Historians of Central Asia usually view 19th-century Khorezm as a somewhat exceptional polity. While Bukhara continued to attract scholars from far afield, and many in the Deccan, Western China, Siberia, and the Middle Volga regarded “Bukhara the Noble” as one of the epicenters of Persian high culture, Khiva in the meanwhile took a different path, premised on the literary pre-eminence of Chaghatay, an eastern Turkic language with a far less prestigious pedigree than Persian. The rise of the Qunghrat dynasty can be seen to be closely associated with a cultural project which over the course of a century produced many original historical works in Chaghatay together with more than 300 translations from Arabic and Persian. But Chaghatay was not just the language of court culture in Khiva. By the 1850s all Khorezm wrote in Chaghatay, which by then fully replaced Persian as the language of law, bureaucracy, and epistolography.
There is something ‘paradoxical’ in this picture, claim Vasilii Barthold and Yuri Bregel: on the one hand we learn that the cataclysms of the 18th century left Khorezm bereft of written traces and deprived of its own history; on the other, we encounter in the 19th century a completely different cultural landscape, one in which Chaghatay literature shines in all its majesty. It is my contention that this oddity is only apparent, and that if we look closer at the region this puzzle resolves itself. The heuristic move I have in mind requires that we stop assuming that the Chaghatay literature produced during the regency of the Qunghrats was a self-contained courtly phenomenon, i.e., some kind of an elitist literary enterprise detached from the cultural landscape surrounding Khiva. I instead want to suggest that, if one connects the texts which we find in the Khivan royal library to other writing practices attested in Khorezm and beyond, one begins to discern a broader and indeed deeper cultural shift in which the Qunghrats liaised in fact with the many small sites of power that developed in Khorezm after the fall of the earlier Arabshahid dynasty and throughout the 18th century, and connected to the disparate, often contradictory realities of the region.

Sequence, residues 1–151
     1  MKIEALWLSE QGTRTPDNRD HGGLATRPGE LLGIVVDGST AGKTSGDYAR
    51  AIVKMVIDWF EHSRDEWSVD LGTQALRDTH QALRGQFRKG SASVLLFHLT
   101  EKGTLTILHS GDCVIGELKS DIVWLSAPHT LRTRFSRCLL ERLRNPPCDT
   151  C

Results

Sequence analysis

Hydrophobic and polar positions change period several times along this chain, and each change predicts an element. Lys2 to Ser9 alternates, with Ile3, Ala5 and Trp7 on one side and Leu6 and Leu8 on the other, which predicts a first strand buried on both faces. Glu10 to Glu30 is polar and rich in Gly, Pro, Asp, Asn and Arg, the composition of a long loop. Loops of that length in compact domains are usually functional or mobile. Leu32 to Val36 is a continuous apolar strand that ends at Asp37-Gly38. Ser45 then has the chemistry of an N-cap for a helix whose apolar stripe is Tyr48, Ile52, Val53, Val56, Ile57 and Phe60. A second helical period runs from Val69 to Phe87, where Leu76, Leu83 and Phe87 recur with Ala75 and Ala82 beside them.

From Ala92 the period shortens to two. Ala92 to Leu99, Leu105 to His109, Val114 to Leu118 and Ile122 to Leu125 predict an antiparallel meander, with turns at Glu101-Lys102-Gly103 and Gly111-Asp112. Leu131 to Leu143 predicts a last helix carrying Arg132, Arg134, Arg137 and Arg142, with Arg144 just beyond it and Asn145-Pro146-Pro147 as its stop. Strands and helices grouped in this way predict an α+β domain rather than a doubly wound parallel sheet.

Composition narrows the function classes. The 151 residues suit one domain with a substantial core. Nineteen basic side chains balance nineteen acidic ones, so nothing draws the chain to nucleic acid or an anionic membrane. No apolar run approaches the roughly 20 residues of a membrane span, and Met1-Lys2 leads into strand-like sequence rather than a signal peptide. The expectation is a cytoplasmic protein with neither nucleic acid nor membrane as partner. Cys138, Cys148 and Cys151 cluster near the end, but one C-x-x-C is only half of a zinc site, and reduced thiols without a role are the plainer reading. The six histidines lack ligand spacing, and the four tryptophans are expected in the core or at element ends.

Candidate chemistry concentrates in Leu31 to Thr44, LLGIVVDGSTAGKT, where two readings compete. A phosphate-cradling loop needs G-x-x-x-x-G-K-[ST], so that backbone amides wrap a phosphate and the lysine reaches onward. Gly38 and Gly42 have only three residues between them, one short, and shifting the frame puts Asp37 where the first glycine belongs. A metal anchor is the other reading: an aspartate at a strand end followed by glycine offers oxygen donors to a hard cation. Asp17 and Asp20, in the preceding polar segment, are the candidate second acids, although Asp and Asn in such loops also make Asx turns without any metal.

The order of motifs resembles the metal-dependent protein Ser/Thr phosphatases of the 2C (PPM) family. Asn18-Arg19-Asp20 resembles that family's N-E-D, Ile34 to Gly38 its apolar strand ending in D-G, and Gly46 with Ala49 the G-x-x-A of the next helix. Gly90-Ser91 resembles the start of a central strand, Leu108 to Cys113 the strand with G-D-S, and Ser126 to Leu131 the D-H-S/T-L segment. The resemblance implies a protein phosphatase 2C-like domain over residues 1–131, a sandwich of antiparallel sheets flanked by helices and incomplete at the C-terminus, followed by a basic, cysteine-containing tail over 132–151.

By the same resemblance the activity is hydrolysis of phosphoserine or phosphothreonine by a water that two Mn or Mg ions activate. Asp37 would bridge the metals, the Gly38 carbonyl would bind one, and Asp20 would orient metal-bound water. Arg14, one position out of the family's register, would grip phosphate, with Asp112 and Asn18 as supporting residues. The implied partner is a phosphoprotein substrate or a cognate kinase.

This lecture sets out to historicise what I term the ‘vernacularization of Khorezm’, which is to say that process of cultural realignment which took place from the 18th to the early 20th century as a result both of bottom-up societal change and of top-down cultural policies sponsored by the Qunghrat Uzbek tribal dynasty.